Gov. John Hickenlooper announced Wednesday that the state will appeal a district judge’s ruling in the Lobato v. State school funding lawsuit.
But the State Board of Education, after an hour-long closed session over the phone, adjourned without taking a vote on an appeal and will meet again Dec. 27.
In a prepared statement, the governor said, “A final resolution of the constitutional and legal issues involved in the case require an appeal to the Colorado Supreme Court.
“The judge’s decision provided little practical guidance on how the state should fund a ‘thorough and uniform’ system of public education. Moreover, while the judge focused on the inadequacy of state funding, she did not reconcile this issue with other very relevant provisions of the Constitution, including the Taxpayer’s Bill of Rights, the Gallagher Amendment and Amendment 23.
“There are more appropriate venues for a vigorous and informed public debate about the state’s spending priorities. We look forward to a swift decision in this case so the people of Colorado and their elected representatives can participate in the school funding conversation.”
The state board met for about an hour in a closed session also attended by education Commissioner Robert Hammond, board aide Carey Markel and Assistant Attorney General Jonathan Fero. Markel worked on the case for the AG’s office before recently taking her staff position with the board. (Markel does not provide legal advice to the board in her new role.) The third member of the state’s trial team, Nick Heinke, also has left the attorney general’s office.
The board returned to public session just long enough for chair Bob Schaffer, R-4th District, to announce another meeting on Dec. 27 and for members to vote to adjourn.
Some observers had predicted a 4-3 split on the board in favor of an appeal. However, the seven-member group (four Republicans and three Democrats) does have a past pattern of seeking unanimity on major issues.
An appeal may keep the case in the courts for perhaps a year, according to some observers. Appeal also could take the legislature off the hook in 2012 for responding to the district court’s ruling that the state’s school funding system doesn’t meet constitutional requirements and that the state needs to devise a new system.
The named defendants in the case are the state, Hickenlooper, the state board and education Hammond, an employee of the board.
Estimates put full compliance with the Lobato ruling at $2 to $4 billion a year more than the $5.2 billion a year the state and districts currently spend on basic school operations.
Kathleen Gebhardt, lead attorney for the plaintiffs:
“We are disappointed by the governor’s announcement today that the district judge’s ruling will be appealed. We call on the legislature to act during the upcoming session as kids are continuing to go to school in failing facilities, with outdated textbooks, and in overcrowded classrooms.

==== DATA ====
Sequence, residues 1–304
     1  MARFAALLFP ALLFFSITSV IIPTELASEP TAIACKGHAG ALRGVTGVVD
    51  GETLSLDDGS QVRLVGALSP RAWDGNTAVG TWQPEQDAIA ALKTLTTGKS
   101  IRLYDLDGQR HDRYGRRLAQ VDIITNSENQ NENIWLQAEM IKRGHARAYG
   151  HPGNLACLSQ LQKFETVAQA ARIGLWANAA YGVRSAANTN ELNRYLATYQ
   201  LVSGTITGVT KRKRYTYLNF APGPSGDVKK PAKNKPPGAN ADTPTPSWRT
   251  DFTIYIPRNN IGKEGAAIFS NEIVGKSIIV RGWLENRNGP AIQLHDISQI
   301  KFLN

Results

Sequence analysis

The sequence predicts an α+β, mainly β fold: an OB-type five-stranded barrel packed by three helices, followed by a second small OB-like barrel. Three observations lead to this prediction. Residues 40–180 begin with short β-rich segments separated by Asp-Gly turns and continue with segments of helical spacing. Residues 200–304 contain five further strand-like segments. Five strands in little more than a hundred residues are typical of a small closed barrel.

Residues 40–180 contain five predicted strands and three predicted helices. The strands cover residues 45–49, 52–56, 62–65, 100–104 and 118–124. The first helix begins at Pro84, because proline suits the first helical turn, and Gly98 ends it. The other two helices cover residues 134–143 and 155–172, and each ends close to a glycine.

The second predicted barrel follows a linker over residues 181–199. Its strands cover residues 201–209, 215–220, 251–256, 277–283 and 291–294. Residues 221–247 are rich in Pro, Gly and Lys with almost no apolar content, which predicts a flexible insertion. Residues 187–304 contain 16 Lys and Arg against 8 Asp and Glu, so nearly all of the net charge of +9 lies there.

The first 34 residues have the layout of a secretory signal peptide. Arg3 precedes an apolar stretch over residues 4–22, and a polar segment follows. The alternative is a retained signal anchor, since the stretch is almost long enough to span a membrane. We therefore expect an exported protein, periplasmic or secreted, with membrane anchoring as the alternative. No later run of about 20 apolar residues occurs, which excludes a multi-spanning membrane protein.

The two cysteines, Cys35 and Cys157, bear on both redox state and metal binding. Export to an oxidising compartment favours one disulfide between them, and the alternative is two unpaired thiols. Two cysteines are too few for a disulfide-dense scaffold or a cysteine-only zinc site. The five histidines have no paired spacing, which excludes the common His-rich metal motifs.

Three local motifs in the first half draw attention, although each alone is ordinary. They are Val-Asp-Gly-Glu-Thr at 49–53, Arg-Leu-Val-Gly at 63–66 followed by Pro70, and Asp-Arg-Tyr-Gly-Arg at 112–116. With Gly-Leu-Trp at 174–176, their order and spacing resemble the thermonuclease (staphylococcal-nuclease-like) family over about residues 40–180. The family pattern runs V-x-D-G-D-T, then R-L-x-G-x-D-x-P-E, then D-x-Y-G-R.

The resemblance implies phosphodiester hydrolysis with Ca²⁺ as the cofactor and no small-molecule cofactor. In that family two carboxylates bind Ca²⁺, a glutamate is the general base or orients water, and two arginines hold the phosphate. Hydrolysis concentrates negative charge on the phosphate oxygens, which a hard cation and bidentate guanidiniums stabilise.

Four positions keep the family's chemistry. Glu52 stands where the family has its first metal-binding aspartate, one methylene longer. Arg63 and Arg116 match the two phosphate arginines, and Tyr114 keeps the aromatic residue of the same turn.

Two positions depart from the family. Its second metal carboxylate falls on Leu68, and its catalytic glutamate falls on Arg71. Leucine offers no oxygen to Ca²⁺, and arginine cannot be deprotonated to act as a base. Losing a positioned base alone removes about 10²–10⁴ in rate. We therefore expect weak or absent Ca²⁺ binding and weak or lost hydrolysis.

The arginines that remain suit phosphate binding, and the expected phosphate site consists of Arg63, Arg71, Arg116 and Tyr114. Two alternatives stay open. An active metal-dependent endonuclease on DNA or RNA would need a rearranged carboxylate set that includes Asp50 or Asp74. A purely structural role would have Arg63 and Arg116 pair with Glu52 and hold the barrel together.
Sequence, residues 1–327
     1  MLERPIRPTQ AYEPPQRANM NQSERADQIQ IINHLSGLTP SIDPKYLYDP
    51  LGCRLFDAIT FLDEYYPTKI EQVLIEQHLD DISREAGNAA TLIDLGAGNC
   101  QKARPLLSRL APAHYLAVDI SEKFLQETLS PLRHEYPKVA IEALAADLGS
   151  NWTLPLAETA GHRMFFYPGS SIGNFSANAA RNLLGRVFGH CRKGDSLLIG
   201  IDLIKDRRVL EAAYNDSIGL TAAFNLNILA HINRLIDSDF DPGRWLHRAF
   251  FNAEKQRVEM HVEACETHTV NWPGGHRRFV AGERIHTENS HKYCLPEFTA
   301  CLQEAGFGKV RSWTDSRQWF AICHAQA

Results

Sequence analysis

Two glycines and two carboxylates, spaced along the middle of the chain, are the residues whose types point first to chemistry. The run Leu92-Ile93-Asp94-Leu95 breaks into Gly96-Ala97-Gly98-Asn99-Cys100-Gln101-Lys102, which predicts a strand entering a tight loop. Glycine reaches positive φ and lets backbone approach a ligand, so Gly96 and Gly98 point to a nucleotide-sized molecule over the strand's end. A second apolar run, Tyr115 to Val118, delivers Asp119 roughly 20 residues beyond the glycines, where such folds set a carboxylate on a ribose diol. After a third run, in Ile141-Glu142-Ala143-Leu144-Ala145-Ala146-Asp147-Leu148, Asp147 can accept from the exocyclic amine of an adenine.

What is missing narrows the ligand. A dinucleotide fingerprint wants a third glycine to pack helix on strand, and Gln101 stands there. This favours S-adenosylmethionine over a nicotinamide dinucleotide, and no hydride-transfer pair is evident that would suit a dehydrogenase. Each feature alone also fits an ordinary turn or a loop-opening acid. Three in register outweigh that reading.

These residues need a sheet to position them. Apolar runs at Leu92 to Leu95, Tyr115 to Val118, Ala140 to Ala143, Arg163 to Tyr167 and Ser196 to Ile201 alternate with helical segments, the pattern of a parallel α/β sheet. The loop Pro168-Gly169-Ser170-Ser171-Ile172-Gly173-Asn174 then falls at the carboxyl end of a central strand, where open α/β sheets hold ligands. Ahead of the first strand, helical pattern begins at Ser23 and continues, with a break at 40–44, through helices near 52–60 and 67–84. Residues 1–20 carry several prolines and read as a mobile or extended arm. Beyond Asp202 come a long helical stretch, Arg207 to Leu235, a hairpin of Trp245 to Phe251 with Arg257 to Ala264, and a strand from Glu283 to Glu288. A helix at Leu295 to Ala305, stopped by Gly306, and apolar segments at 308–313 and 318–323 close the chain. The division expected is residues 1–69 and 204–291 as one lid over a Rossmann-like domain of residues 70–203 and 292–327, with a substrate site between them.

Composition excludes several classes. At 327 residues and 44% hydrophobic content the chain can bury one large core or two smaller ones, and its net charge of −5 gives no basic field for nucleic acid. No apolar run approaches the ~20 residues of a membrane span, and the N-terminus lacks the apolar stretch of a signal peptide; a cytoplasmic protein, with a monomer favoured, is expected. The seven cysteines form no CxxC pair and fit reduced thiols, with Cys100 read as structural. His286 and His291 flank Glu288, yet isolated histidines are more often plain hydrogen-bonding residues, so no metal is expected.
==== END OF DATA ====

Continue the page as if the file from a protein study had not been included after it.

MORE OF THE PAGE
“Our children have been in these conditions for decades and should the legislature not act, these conditions will continue to exist. Justice delayed is education denied. We continue to invite the state to a robust discussion on how we solve this funding emergency, which will not change as long as the current funding system is in place. Significantly absent from Governor Hickenlooper’s comments is any defense of the current system.”
Lisa Weil, Great Education Colorado:
“We are disappointed that the state has decided to appeal the Lobato decision before seeking and receiving more input from the people of Colorado. Nonetheless, with today’s decision by the State Board of Education to delay action on the appeal, we are hopeful that our leaders will reconsider this decision to spend even more taxpayer dollars defending an indefensible school financing system.
“We encourage every state elected official – every legislator, every State Board of Education member – to read the entire Lobato opinion and to make their own decision about whether the state is meeting its constitutional duty to maintain a ‘thorough and uniform system of free public schools.'” (The group is collecting signatures on a petition to state officials urging no appeal.)
Beverly Ingle, president Colorado Education Association:
The head of the 40,000-member teachers union said she regrets that Gov. Hickenlooper is seeking a final decision from the Colorado Supreme Court, but like the governor, is hoping for a swift decision.
“We want quick resolution because Colorado students need the state to focus on overhauling the K-12 funding system and finding the solutions that will increase our investment in their education.”
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